It’s that time of year again. St. Patrick’s Day is upon us and this year it’s on a Saturday. Always a great excuse for all of us to lay claim to that, however insignificant, Irish-Celtic heritage we all wish we had (if we don’t already), and drink gallons of Guinness, wear green, and rock out to some Irish tinged rock music. Two bands come to mind most specifically, to me at least, when I think of a suitable playlist for St. Paddy’s Day, even though these two are just a small sampling of all the great Irish or Celt-Rock bands out there.
First and foremost, Boston (perhaps the biggest Irish city in the world outside of Dublin) natives The Dropkick Murphys lead the Irish Celt-Rock charge. Full on punk rock infused with bagpipe backings, The Dropkick Murphys’ songs are fist pumping, beer swilling, and generally rowdy rock anthems about working class heroes, everyday triumphs and tragedies, and all around fast played and pulse quickening chords a la The Clash, The Ramones, and AC/DC (influences cited by lead singer Al Barr). Renowned for their legendary St. Patrick’s Day Week concerts in and around the Boston area (which sadly I’ve never had the privilege of experiencing, but hope to one day) as well as their two chart topping hits, “I’m Shipping Up to Boston” and “Tessie,” which was written and recorded as the song to be played after Boston Red Sox home game wins, The Dropkick Murphys are one of those Celtic/punk fusion bands that can (and should) be enjoyed year round, not just on St. Paddy’s Day. There sound isn’t all amped out punk guitar though. Their catalogue is peppered with some acoustic and folk string instrumented ballads and songs. So, while they are best experienced during a concert or raging St. Paddy’s Day party sing along, there’s also plenty of low-fi Dropkick Murphys songs for the morning after hangover to let you down a little more gently.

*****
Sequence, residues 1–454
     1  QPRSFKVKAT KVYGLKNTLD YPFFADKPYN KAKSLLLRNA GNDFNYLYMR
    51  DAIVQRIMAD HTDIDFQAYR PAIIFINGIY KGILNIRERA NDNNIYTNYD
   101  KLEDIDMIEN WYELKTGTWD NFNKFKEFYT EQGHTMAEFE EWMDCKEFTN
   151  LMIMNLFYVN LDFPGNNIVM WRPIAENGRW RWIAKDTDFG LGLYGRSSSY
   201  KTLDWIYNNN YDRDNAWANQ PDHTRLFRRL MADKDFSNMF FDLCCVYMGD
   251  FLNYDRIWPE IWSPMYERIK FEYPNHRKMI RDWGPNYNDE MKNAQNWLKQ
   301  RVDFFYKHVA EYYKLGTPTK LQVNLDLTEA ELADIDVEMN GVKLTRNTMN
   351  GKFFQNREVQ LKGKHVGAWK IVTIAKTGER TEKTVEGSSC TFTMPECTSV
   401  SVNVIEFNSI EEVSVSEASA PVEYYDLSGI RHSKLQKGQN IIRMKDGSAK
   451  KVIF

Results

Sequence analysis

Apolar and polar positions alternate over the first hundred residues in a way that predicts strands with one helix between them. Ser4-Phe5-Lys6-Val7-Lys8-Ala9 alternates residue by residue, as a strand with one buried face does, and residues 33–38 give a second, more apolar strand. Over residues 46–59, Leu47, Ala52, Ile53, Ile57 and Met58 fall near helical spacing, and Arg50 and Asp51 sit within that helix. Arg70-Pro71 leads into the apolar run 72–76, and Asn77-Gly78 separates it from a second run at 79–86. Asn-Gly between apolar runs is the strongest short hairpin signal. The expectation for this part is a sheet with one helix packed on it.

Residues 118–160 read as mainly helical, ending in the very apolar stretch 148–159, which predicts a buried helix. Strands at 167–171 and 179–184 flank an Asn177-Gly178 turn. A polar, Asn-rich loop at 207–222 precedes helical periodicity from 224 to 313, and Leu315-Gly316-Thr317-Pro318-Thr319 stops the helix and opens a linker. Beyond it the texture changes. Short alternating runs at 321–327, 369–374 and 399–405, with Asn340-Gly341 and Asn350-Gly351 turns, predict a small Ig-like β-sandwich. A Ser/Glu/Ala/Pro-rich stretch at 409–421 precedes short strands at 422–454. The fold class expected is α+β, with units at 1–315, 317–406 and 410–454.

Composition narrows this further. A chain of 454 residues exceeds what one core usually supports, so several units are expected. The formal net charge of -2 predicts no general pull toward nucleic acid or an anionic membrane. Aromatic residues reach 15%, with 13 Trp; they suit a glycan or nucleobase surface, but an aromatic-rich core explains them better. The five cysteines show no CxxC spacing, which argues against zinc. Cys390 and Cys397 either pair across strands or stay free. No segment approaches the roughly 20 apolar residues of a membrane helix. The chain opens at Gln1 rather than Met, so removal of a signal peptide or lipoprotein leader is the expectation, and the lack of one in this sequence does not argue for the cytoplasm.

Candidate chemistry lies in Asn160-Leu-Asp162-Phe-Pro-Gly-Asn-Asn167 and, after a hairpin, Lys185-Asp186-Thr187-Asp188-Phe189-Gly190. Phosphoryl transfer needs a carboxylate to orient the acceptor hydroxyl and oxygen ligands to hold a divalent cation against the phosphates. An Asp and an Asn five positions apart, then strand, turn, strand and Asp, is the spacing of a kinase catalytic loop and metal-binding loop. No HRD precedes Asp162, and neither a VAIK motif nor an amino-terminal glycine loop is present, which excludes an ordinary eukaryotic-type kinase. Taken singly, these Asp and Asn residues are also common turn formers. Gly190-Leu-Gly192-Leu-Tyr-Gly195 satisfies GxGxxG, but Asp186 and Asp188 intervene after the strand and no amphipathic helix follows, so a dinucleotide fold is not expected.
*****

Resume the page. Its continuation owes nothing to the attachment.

On the other side of the rock music spectrum, Celtic folk-metal band Eluveitie brings their own unique Celt-infused folk metal sound to bear in their brilliant work. Hailing from Switzerland, but incorporating pan-Celtic sounds into traditional metal structures, Eluveitie are truly unique amongst folk-metalists mostly because they actually do it so well. Not quite the Irish drinking anthem band that The Dropkick Murphys are, Eluveitie are a much more intellectual and complex Celt-rock experience. Complex rhythms, an intricate weaving of folk instruments with electric guitar, and unique storytelling comprise their albums, especially their most recent one, titled Helvetios. Eluveitie is a fascinating, thinking man’s metal that celebrates an all but lost medieval culture that really existed, and not some made up Dungeons and Dragons faux history, the likes of which some bands repetitiously celebrate.
So for all the rockers out there, celebrate St. Paddy’s Day with plenty of Guinness, your best friends, and spin some of the two best Celtic inspired rock bands’ albums, at least a time or two, this weekend and have a Happy and Safe St. Patrick’s Day!